If I’m leading a meeting of volunteers, there will be prizes at the end. Passing through a city with a great rollercoaster at a great amusement park? I’m in! Silly photo op somewhere? Get your camera!

So, if you want to drive past the perfect Christmas house, don’t drive past ours. If you want to see the perfect Christmas tree, chances are you won’t like ours. If you want to eat the perfect holiday meal, our house is not where you want to be.

But if you want to take photos with a leg lamp from A Christmas Story, come on over! If you want to see a 10.5′ inflatable Christmas elephant, visit us! If you want to dine on hamburgers, hot dogs, Cuban sandwiches, beer bread, spicy fiesta dip, buttermilk pie, and other fun food during the holidays, we’ll be happy to set a place for you. If you want to drink champagne with breakfast, drink up, baby! If you want to see our “perfect” artificial poinsettias, then we’d love to have you over. If you want to play card games on Christmas Eve or “Who’s Most Likely To…” on Christmas Day, you’re welcome at our house. Just bring a positive attitude and be ready to laugh.

Perfection is not my strength, but fun is!

 

 

 

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School’s Out For the Holidays

Finally. School is out for the holidays. As a mother, I might look forward to it as much as I did when I was a kid.

Yesterday, I went to school to pick up my daughter, who is a freshman in high school. We had been told all students would be released at noon at her K-12 school. The break didn’t exactly get started on the right foot. I arrived early, so I was near the front of the carpool line, waiting for dismissal. I had texted my daughter, telling her to hurry when school got out, because I was near the front of the line. I was looking forward to getting out of there quickly, so I could meet some friends for lunch. I was listening to Dean Martin’s Christmas album in my car. I was happily waiting. And then…

At noon, the security officer came over to my car near the front of the line and told me the high school students wouldn’t get out till 12:20, because their testing was taking longer than planned, and he asked me to “park over in the lot or go back around.” You know that record scratch sound? That’s what belongs here.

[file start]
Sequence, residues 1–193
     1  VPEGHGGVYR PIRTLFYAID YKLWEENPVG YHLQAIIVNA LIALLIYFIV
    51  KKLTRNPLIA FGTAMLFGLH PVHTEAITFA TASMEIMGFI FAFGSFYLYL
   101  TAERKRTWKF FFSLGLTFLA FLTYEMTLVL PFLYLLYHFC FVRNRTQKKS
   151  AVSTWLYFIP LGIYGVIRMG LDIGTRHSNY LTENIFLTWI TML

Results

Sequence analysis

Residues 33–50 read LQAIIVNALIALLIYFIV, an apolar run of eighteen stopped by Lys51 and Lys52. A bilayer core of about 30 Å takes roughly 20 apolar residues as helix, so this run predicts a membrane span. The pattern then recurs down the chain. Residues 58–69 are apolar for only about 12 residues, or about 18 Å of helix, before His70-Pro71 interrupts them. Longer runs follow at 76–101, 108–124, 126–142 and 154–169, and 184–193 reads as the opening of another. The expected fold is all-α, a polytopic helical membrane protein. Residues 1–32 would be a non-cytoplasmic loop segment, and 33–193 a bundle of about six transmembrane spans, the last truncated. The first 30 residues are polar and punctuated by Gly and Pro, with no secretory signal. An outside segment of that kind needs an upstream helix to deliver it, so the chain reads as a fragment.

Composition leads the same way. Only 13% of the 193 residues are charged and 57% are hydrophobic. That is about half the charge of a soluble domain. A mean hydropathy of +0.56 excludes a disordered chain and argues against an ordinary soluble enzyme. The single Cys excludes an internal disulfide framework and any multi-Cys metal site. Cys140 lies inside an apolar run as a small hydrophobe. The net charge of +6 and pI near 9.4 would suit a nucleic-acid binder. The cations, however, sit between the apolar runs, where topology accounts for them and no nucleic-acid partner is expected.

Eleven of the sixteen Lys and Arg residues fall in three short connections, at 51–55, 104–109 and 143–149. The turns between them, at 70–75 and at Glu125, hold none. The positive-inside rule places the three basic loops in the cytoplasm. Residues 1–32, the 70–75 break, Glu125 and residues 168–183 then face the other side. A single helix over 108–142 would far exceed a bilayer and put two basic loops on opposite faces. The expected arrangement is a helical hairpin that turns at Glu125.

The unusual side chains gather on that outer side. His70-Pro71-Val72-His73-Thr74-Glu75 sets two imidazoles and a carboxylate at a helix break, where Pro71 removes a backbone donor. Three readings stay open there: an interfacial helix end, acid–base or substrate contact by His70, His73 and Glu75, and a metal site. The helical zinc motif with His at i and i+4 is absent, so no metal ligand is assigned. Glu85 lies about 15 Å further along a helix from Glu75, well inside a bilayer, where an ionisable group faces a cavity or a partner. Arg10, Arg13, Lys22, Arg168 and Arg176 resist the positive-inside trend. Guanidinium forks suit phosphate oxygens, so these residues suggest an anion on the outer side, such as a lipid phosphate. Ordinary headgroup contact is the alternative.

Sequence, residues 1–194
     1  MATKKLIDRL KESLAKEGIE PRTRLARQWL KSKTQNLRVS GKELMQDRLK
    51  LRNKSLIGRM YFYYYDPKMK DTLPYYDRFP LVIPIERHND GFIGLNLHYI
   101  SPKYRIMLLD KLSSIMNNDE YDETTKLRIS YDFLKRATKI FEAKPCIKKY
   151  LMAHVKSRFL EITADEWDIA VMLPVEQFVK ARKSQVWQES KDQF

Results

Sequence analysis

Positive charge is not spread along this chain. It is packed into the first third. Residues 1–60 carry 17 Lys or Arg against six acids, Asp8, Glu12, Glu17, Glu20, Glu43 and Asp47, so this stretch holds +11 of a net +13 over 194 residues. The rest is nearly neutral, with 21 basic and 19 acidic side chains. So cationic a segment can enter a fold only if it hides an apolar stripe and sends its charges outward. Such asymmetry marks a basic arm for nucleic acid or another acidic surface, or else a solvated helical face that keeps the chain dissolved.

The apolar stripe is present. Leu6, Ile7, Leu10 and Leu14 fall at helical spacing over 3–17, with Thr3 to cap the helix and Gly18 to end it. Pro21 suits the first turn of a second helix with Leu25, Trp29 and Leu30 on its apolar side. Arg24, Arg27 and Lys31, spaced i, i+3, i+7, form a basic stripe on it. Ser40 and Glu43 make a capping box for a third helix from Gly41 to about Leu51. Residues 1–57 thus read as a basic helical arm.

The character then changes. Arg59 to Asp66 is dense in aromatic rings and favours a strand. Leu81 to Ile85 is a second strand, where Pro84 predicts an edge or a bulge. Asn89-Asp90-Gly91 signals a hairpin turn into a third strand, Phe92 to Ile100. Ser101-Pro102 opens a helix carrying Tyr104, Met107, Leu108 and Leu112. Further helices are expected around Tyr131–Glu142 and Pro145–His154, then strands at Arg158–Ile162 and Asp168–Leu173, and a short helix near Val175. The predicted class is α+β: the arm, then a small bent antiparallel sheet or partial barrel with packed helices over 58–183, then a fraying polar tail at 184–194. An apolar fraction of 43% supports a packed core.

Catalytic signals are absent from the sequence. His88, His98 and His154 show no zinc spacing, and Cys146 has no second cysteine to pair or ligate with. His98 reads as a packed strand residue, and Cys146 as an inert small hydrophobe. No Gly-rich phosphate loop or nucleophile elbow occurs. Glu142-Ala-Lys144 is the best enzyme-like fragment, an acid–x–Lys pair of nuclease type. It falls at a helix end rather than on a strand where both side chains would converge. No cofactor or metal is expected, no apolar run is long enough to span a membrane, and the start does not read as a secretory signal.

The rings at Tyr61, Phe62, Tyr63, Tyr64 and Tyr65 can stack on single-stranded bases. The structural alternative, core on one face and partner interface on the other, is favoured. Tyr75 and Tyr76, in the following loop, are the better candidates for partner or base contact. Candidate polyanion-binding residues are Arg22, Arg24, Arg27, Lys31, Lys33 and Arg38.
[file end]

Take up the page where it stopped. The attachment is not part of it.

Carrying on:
Well, I got out of line (without grumbling) and drove toward the lot. I didn’t get too aggravated till I realized there were no spots in the parking lot, and I couldn’t possibly go back around to get in line, because the officer who was supposed to be directing traffic outside the school wasn’t there yet. Traffic was backed up as far as the eye could see, and there was no way I was getting in the middle of that. No, really…there was no way I would have been able to navigate my way back into the line. Cars were bumper to bumper. I took a deep breath. I had made the effort to get there on time…there was no way I was sitting there waiting for someone in that cluster to have mercy on me and let me in.

I took matters into my own hands, and drove around to the other side of the building, where I’m not supposed to go for carpool, and after fighting a little traffic, I parked in one of the student lots…totally against the rules. Just call me a rule breaker…a maverick… a rogue parent.

While I was “going rogue,” my daughter, who had clearly been released at noon, texted me…at 12:05… “Where are you? I thought you were at the front of the line?” Fortunately, I parked in the student lot soon after her text, and I called her, telling her to walk back across campus in the pouring rain to the other side, where I was parked in the student lot. I think she knew not to give me any grief, because she could tell by the tone of my voice that I was not happy.